Fantasy. There isn’t a kid alive who hasn’t wished for some fantastic magic in their world. It isn’t a wonder that fantasy is one of the most popular genres of fiction across the board. But if you can’t escape into magic in reality, why not do so through a good book? Children’s fiction offers so many wonderful fantasy stories, but here are just my top five picks. 


The Hobbit

If there’s any book better suited to introduce children to the genre of fantasy, I do not know it. Many people think of J.R.R. Tolkien and their mind goes to his other incredibly in-depth works on Middle Earth. Not exactly the stuff for young readers. The Hobbit, however, was specifically geared towards children and in many ways operates as a bedtime story from Tolkien to his younger readers. 


Since this book comes from the father of modern fantasy himself, it ticks all the boxes you could hope for in the genre and then some. Wizards, dwarves, dragons, magic, large scale battles (why have two armies fighting when you can have five?), and one little hobbit who is completely out of his depth. Bilbo’s adventure is known by many and beloved by any who have read it. 


What many may not consider is that this book does not have to be just for older kids with ambitious reading tendencies. The hobbit is structured in such a conversational style that it’s incredibly accessible to younger kids as well if read aloud. The story is well marked in its beats and chapters and can be easily broken up to read in pieces over a longer course of time.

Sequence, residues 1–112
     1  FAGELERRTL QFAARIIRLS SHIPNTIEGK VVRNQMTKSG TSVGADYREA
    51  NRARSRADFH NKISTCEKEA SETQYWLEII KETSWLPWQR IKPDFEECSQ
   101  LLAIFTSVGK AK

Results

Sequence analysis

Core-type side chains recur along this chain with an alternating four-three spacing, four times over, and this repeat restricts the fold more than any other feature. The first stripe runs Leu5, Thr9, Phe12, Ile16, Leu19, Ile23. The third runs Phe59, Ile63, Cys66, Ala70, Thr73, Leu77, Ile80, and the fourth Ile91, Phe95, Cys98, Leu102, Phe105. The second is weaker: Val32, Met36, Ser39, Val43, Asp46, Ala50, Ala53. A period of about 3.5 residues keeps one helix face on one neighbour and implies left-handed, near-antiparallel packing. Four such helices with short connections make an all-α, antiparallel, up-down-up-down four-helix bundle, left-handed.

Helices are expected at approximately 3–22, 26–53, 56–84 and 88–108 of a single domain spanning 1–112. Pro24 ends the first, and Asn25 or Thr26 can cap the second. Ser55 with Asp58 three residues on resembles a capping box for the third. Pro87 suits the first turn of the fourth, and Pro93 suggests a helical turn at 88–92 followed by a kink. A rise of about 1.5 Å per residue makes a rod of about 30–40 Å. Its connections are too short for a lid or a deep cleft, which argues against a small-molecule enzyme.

The Chronicles of Narnia

In the same vein as The Hobbit, it’s impossible to make a list of top tier children’s fantasy without talking about The Chronicles of Narnia. While there are more books to the world of Narnia, they are also a little more straightforward than Tolkien’s work. This fact was actually a point of contention between Tolkien and Lewis. 


The stories center on children from our world finding bridges into the magical world of Narnia. Narnia is a world filled with wonder, creatures of your greatest imagination, but also peril and hardship in need of restoration. Guided by the regal and lordly lion Aslan, the children go on incredible journeys to save not just Narnia, but themselves as well.